Breakfast Meeting at EP


Here are some news from the breakfast we hosted the 5th of September at the European Parliament in Brussels for the members of the SME Intergroup to discuss the Proportionality Test and other issues of the Services Package regarding the Liberal Professions.

First, our event was well attended. Over seventy participants showed up, 6 MEP’s (Andreas Schwab, Othmar Karas, Maria Grapini, Michael Theurer, Reinhard Butikofer, Kay Swinburne), and numerous representatives of professional associations EU-wide.

Second, the positions advanced by rapporteur Andreas Schwab, MEP, are quite close to the ones of CEPLIS, adopted as you remember at the General Assembly meeting in Malta last June. Our views, presented by First Vice-President Gaetano Stella, who was replacing our President still recovering from small health issues, were echoed by most of the stakeholders who were present in the room.

Third, this was a great day for CEPLIS’ visibility. Our role as a forum for the professions and as a multiplier in the eyes of the EU institutions present was particularly highlighted.

Below, in bullets, you will find some of the most important pointsraised by those who took the floor that we have cherry-picked .

Andreas SCHWAB MEP and IMCO coordinator (EPP), Rapporteur on the proposal for a Directive on a Proportionality test before adoption of new regulation of professions.

-          Proportionality is a must, it is a requirement of the Treaty. No one should put proportionality in question.

-          Professional regulation is not a key issue for cross-border service delivery.

-     The Directive on Proportionality needs to be proportionate itself, and allow Member States some margin of discretion.

-          If there is a national public law organizing the professions in Chambers, then this type of organization should be seen as justified.

-          Health professions should be excluded from the scope of the future Directive.

-          E-card: the Commission is falling short of what the stakeholders could have expected.

Martin FROHN, Head of Unit "Professional Qualifications and Skills”, DG GROW, European Commission.

-       The exclusion of the health professions from the scope of the future Directive would be incoherent as they are a major part of the Qualifications Directive and were included in the mutual evaluation. After all if the regulation is indeed there for reasons of public health and safety it would be easy to demonstrate it.

-          The implementation of the Qualifications Directive is deficient. The Commission is envisaging enforcement.

-          The results of the exercise that was asked by the Commission and executed by the Member States were not as conclusive as desired. Member States had to perform assessments which were not as thorough as expected. The Commission has decided to adopt binding rules and Member States are not against it.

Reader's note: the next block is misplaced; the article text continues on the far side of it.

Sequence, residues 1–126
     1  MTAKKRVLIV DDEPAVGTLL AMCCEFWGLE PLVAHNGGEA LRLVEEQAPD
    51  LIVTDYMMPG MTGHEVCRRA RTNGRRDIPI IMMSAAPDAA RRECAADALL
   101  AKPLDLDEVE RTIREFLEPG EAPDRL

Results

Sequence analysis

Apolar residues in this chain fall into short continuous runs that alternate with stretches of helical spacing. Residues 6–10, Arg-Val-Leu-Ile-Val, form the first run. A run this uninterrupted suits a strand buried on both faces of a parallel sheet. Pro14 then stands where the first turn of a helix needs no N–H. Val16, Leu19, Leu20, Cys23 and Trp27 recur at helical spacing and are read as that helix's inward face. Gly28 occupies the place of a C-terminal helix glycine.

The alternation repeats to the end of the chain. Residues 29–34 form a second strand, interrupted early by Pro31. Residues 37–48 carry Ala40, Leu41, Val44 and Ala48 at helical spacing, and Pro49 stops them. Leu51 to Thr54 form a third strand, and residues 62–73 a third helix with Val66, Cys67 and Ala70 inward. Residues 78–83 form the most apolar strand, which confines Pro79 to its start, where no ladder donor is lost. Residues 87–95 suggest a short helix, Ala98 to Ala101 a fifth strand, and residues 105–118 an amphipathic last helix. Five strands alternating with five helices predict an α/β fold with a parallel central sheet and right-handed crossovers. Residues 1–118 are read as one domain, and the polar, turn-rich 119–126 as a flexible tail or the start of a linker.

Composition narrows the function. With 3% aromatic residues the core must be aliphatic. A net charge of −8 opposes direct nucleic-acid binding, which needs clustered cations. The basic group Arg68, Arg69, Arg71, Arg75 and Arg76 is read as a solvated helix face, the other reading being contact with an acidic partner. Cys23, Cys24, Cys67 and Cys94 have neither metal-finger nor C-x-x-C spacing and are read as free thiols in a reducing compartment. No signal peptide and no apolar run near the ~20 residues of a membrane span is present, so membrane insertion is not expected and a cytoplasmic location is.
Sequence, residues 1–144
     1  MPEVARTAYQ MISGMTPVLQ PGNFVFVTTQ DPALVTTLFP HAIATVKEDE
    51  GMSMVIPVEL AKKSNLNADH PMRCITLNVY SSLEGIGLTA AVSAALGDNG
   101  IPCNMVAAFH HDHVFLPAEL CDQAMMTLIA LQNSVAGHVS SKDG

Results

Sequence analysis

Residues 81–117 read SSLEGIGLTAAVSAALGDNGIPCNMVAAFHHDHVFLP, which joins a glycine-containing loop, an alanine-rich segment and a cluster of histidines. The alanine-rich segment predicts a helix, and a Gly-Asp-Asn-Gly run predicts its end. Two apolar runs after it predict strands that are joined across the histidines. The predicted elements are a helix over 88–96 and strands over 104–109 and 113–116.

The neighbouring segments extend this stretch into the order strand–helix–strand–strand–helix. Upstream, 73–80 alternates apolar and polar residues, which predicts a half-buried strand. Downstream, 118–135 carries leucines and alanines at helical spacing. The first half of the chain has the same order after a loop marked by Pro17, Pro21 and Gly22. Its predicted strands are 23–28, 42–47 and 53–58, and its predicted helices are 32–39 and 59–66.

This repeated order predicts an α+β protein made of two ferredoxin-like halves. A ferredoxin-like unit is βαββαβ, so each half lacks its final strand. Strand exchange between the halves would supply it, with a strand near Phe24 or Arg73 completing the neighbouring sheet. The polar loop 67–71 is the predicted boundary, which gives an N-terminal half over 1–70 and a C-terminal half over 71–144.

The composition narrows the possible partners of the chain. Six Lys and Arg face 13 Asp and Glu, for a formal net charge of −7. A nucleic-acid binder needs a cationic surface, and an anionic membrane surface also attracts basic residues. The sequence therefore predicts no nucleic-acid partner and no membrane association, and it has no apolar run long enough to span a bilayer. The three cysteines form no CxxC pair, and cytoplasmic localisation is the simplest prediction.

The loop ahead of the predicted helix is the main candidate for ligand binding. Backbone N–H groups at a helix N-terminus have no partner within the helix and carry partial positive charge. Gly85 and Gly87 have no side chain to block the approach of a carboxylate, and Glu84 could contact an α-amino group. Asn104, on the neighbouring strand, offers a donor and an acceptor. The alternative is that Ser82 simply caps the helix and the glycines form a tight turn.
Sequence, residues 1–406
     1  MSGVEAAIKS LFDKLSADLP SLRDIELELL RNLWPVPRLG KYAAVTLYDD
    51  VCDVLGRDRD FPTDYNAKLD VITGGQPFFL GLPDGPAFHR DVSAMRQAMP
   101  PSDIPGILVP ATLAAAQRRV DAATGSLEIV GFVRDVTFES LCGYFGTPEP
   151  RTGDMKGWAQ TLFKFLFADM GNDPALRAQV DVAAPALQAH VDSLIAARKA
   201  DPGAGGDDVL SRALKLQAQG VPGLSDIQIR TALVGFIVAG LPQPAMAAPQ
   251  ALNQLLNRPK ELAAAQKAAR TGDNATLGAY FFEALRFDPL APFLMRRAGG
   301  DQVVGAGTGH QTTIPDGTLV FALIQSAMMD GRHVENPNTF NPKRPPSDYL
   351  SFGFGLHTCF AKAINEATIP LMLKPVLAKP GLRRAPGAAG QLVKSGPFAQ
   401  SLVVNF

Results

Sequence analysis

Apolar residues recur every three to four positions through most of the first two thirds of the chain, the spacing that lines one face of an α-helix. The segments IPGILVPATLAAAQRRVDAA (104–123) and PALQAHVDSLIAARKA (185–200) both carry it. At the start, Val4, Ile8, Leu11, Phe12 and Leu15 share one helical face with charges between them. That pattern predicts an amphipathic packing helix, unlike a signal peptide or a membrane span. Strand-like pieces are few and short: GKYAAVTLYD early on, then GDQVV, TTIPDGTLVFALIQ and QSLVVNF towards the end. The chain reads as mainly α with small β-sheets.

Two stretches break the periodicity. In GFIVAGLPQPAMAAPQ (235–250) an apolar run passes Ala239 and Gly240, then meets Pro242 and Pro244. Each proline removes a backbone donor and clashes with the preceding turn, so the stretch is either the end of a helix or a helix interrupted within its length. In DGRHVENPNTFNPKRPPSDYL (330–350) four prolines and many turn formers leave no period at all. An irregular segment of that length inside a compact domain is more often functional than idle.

-          Every stakeholder’s essential preoccupation is different.

Gaetano STELLA, First Vice-President CEPLIS, President of Confprofessioni.

-          The distinction between the Services E-Card and the European professional card needs to be clarified.

-          The “State of origin” principle needs to be avoided.

-          The proportionality test and the assessment on national rules should be accompanied by clear guidelines that help Member States in their implementation within their legislative systems.

-          We believe that the adoption of a new legislation that would require Member States to abide with the proportionality test would cause considerable confusion amongst national administrations and professional bodies, bringing about negative consequences for the Internal Market.

-          The notification procedure does not appear to ensure any effective utility and that on the contrary, it risks entailing an excessive influence/ interference of the European Commission on the decisions of Member States.

-          The exclusion of healthcare professions from the scope of the Directive is required, as they are already excluded from the “Services” Directive.

Klaus Wolfgang THÜRRIEDL, European Council of Engineers Chambers.

-          Do we need independent engineering anymore? We need to answer tough questions for the future.

Markus STOCK, Austrian Chamber of Commerce.

-          The Commission should be stronger with implementation and enforcement. All healthcare professions should be excluded and not just the ones exercised in hospitals.

Edward VAN ROSSEN, Union Nationale Des Professions Libérales Belges.

-          We fully agree with the EU propositions but Member States have to share their respective info and new regulations. The multilateral coordination between MS is not sufficient. Martin FROHN agrees with this assertion and stresses the fact that it is not up to the Commission to do that, it is up to the associations themselves.

Mark SEYCHELL, Maltese Chamber of Commerce.

-          The Margin of discretion permitted should be mentioned in the text.


We’ll come back with a more detailed article in the upcoming telegram. Here we wish to thank all those who helped. In particular, we’d like to thank the MEP’s present, the speakers, the stakeholders who made the journey, our First Vice-President who raised our profile with his performance, and our President Mr. Kolbe, who had the initial idea and made it happen thanks to his relationship with Austrian MEP, Othmar Karas. 



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